Belfast Telegraph

Kerry Washington refused to change her looks for Hollywood

The actress would not take the advice of people who told her to alter her image.

Kerry Washington felt no pressure to bow to Hollywood's standards and change her looks when she first started acting.

The Scandal star fears her career stalled in the beginning, because she refused to give in to requests to make changes to her appearance. She knew it was important to stay true to herself and eventually her hard work and talent would pay off.

"In the beginning of my career I was often told to fix things like, 'Fix your teeth, wear your hair differently, or dress differently', or I was 'too ethnic' or I didn't speak black enough..." she told Oprah Winfrey during her Super Soul Sessions. "Whatever it was, these were the reasons why I wasn't making it in the beginning of my career."

"Before I did Scandal I did two other pilots for TV shows," she continued. "Both of them got picked up, but I was fired - 'We love the show but she's gotta go'. I think because I've always been me. I didn't really conform. I didn't really change those things that people told me I had to change."

Kerry knew she had struck TV gold when she was cast as Olivia Pope in Scandal and she was happy she won the role without caving to outside influences.

"When my career has been angled to unfold I felt like it was because I was being myself," she said. "So I don't think I was gonna be awarded for being someone else because I never have been and also I just don't have the energy."

And although Kerry is confident about her looks and the choices she's made, she still struggles with controversies surrounding her image. Last week (ends08Apr16), the 39-year-old spoke out about about her digitally-altered AdWeek cover shoot because she knew fans would be shocked by the edited image. The actress explains she has no issue with Photoshop being used on her pictures, but she was taken aback by how much her cover photo was altered.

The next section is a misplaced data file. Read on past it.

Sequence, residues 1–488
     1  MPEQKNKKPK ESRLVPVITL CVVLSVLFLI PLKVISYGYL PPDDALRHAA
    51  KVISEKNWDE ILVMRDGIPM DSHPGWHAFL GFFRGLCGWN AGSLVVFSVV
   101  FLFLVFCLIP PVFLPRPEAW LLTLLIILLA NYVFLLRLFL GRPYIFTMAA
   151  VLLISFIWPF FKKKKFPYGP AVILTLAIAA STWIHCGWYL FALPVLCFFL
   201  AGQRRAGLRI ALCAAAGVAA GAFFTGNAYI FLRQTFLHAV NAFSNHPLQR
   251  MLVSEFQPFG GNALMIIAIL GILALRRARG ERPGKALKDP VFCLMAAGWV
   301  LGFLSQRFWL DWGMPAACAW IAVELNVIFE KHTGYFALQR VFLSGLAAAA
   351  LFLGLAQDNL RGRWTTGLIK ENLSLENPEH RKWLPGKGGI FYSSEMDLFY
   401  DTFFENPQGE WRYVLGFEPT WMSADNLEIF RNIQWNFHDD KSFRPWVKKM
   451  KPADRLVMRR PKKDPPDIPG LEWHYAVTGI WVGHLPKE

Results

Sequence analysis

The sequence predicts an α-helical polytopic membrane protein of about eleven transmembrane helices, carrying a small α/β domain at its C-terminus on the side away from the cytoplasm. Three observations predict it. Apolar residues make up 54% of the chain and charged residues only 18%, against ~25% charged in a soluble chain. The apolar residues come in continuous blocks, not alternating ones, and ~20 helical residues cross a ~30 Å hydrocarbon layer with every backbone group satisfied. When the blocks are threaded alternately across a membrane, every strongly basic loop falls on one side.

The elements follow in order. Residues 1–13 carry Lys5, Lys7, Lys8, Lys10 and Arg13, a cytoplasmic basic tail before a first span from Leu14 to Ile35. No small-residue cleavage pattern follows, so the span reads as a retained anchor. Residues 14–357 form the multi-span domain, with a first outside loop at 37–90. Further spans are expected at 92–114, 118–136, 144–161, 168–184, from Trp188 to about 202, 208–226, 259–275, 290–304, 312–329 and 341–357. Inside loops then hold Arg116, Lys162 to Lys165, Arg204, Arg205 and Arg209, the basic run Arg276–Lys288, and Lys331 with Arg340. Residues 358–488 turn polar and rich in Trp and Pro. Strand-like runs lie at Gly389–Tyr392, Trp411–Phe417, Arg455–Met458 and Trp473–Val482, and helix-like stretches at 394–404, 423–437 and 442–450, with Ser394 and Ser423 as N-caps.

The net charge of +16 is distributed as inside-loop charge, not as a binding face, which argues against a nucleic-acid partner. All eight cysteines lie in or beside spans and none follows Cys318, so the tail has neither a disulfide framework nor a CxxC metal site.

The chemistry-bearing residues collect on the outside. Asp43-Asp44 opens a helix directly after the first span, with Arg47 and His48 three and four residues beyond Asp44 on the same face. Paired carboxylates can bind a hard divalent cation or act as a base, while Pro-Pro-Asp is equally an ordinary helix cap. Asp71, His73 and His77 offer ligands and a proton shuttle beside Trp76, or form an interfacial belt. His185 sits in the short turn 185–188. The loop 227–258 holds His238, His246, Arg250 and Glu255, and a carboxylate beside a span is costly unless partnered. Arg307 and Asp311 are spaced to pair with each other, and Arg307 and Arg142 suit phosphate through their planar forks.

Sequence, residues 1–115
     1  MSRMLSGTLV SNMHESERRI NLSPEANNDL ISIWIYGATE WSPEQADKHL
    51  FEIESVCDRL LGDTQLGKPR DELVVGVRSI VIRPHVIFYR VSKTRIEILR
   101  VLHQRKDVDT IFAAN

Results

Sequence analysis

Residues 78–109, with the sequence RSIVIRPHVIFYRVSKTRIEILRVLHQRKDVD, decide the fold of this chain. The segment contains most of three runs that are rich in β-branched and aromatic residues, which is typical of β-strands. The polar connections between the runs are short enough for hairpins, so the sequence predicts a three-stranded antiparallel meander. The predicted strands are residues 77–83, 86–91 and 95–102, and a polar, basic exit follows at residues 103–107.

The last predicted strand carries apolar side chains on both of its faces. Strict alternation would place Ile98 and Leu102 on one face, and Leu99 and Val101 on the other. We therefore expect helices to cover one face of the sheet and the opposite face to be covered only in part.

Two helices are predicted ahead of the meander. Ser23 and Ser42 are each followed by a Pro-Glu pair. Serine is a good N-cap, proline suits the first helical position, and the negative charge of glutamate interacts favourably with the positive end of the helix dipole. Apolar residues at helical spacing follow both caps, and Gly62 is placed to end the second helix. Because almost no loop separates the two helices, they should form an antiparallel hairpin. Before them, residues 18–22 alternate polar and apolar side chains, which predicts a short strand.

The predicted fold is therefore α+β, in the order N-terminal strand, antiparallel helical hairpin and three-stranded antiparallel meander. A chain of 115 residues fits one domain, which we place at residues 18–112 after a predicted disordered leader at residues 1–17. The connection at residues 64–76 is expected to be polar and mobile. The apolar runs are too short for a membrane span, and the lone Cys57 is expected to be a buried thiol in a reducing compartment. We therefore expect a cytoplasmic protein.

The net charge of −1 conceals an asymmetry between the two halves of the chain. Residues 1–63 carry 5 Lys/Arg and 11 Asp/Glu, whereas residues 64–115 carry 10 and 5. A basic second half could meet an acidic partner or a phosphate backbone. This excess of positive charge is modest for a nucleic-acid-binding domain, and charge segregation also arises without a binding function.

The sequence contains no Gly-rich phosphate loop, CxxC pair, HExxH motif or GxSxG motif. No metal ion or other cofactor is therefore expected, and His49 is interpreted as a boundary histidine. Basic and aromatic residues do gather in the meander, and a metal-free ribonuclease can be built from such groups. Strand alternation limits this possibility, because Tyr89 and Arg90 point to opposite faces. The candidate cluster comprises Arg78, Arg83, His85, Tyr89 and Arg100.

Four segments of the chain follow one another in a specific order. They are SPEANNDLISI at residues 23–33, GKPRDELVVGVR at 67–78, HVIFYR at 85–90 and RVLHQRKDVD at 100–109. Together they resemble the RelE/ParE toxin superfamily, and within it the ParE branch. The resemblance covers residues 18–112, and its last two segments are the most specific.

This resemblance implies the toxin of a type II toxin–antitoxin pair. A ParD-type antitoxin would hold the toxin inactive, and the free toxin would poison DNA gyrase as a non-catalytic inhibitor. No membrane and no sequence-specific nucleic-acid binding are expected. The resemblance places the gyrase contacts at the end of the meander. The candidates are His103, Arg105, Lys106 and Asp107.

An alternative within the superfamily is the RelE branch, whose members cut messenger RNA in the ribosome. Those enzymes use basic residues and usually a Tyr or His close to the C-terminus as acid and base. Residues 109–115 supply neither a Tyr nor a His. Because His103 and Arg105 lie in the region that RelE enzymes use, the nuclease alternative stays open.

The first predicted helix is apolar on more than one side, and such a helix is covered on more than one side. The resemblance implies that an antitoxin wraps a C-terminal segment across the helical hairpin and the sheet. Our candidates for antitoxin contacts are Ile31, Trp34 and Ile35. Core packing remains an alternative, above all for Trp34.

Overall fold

"I want to be really honest," she said. "Airbrushing is not the devil. It's not all horrible. I've had days where I've shown up to (shoot) the cover of (a) magazine on a more hormonal day of the month and have a big red dot (on my forehead). They say we'll take care of it in (post-production) and I've never complained about that. Maybe that is wrong. I mean, I need something, sometimes! You know, a wrinkle in a dress, you want to smooth that out in post, that's great."

"(However), I was very taken aback and very uncomfortable about looking at an image that I did not recognise as myself. I felt like, in a way, that is not OK with me because that echoes that little girl that thought I wasn't enough. And I know that I am enough, so don't make me feel like I'm not enough by changing me to fit some idea of what you think I'm supposed to look like."

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